Remember the economic argument I made a few paragraphs ago. This is a key point to make and it must be made. The National Immigration Forum has claimed that there will be a 7.5 million job gap by 2020. Many of those jobs will be blue-collar jobs that do not require a degree. If we cut immigration numbers, what will happen to wages for those jobs? The wages or other non-salary benefits will appear and grow. More money will be earned by those at the bottom and the people at the top will get less of the pie, not as a Sanders-style redistributive scheme but as a result of sensible policy which incentivizes stability and labor. Preservation of a national culture and identity is equally important, and this Act is the best legislation we have seen to do that by reducing total numbers of non-compatible people entering the country.
A second solution to our issues related to legal immigration is the elimination of DACA. DACA, or the Deferred Action for Childhood Arrivals, was a gross overreach of Constitutional authority by former President Obama to shore up another identity group the growing Hispanic base of the Democratic Party. This Executive action has done nothing but incentivized foreign nationals to send their children on thousand mile journeys, across deserts, past gangs and human smugglers. The compassion the former President showed is slightly morbid when you think about how the children, particularly from Latin America, have to get here.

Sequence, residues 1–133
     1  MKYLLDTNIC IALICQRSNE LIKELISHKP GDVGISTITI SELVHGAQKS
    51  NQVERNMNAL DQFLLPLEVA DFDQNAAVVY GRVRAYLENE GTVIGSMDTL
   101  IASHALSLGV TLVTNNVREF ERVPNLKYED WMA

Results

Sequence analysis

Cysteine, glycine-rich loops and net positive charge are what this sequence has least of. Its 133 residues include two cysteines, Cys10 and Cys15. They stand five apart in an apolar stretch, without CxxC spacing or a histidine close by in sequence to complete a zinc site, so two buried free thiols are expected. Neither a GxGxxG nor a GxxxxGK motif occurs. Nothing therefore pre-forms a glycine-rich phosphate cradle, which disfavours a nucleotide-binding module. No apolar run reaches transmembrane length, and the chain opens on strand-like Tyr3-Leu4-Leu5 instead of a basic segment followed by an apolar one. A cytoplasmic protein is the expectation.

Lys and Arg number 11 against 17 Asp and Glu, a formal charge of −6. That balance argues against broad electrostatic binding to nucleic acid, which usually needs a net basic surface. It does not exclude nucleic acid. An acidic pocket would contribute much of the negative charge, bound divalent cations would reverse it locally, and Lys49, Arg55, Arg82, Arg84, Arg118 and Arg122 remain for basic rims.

As I write this, President Trump has not yet made a decision on DACA*, but he announced it will be given on Tuesday (9/5/17). His decision is said to have heard from all sides, like any good business executive would. Though all sides might disagree, the facts point to a better opportunity for the American worker, particularly young workers who need to get their foot in the door. Mark Zuckerberg’s open doors thinktank found, ironically enough, that 700,000 jobs would open up to Americans if DACA was eliminated. The group found that around 30,000 jobs will open up each month. How amazing would that be if those jobs were given to Americans? Each worker gaining more job experience, earning a wage, and paying taxes. The elimination of DACA would truly be an America First policy decision and the RAISE act will be a better deal for America.
*Editor’s Note: The rescinding of DACA was announced this morning at the time of publishing.